KABUL, May 5 (Reuters) - Bibles in Afghan languages sent to a U.S. soldier at a base in Afghanistan were confiscated and destroyed to ensure that troops did not breach regulations which forbid proselytising, a military spokeswoman said.
The U.S. military has denied its soldiers tried to convert Afghans to Christianity, after Qatar-based Al Jazeera television showed soldiers at a bible class on a base with a stack of bibles translated into the local Pashto and Dari languages.
U.S. Central Command's General Order Number 1 forbids troops on active duty -- including all those based in Iraq and Afghanistan -- from trying to convert people to another religion.
"I can now confirm that the Bibles shown on Al Jazeera's clip were, in fact, collected by the chaplains and later destroyed. They were never distributed," spokeswoman Major Jennifer Willis said at Bagram air base, north of Kabul.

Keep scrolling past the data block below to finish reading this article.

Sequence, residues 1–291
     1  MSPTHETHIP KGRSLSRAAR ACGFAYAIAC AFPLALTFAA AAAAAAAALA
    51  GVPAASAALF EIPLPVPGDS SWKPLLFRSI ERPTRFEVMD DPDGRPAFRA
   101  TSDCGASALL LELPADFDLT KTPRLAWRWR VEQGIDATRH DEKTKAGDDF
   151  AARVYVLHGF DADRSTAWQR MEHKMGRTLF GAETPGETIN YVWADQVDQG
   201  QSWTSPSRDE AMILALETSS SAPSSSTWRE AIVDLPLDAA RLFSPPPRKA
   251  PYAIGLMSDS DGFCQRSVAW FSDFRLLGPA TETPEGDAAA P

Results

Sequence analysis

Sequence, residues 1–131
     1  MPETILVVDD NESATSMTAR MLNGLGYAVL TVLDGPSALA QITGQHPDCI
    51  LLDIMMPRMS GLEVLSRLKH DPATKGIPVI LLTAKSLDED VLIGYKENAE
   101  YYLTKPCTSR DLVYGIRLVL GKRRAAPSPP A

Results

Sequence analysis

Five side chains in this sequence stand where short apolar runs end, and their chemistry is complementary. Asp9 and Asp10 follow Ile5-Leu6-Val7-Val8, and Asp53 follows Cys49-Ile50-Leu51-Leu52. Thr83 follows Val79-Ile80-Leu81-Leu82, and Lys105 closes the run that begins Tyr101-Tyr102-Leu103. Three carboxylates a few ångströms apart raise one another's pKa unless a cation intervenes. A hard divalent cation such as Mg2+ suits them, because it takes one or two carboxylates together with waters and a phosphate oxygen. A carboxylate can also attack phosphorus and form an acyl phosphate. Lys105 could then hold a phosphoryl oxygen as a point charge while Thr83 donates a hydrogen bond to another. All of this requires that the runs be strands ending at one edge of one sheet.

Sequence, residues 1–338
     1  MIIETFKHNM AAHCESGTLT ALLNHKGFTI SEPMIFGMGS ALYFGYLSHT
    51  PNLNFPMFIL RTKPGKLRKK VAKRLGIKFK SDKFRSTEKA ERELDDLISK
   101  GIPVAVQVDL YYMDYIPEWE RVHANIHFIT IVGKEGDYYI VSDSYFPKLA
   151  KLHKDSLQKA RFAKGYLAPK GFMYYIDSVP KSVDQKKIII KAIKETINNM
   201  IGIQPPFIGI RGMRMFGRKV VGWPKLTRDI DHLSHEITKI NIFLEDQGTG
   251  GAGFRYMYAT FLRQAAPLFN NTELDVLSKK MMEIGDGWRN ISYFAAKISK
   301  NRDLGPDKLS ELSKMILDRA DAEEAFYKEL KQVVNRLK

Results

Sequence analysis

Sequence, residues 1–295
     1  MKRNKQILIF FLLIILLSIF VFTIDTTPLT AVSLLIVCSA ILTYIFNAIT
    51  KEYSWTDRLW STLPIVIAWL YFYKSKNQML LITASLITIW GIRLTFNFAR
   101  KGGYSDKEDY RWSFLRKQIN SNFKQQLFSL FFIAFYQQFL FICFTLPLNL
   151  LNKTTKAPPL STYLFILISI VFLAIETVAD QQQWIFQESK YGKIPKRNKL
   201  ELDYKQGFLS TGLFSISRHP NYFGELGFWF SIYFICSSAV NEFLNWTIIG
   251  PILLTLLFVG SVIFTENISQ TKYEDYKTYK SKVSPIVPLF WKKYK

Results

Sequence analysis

Military officials have said the bibles were sent through private mail to an evangelical Christian soldier by his church back home. The soldier brought them to the bible study class where they were filmed.
Trying to convert Muslims to another faith is a crime in Afghanistan. An Afghan man who converted to Christianity was sentenced to death for apostasy in 2006 but was allowed to leave the country after an international uproar.
"It certainly is, from the United States military's perspective, not our position to ever push any specific kind of religion, period," chairman of the U.S. Joint Chiefs of Staff Admiral Mike Mullen told a Pentagon briefing on Monday. (Reporting by Peter Graff)
Destroying the Bibles could well fuel a backlash, but so far it is limited. Mission Network News quotes Carl Moeller of Open Doors, USA (which apparently supplied the Bibles) saying
the Bibles didn't need to be destroyed. "There's certainly many organizations that could put them to good use. Any time you see a Bible destroyed, it really should shake the core of every Christian to realize that this is the kind of desecration that can happen to God's Word."
American Family News Network quotes "a Pentagon adviser," Bob Maginnis:
"By and large, soldiers should have the right to share their faith wherever they are," he contends, "and for the political correctness crew to come aboard and declare that we're going to destroy Bibles because of the sensitivity of the local command, I find egregious."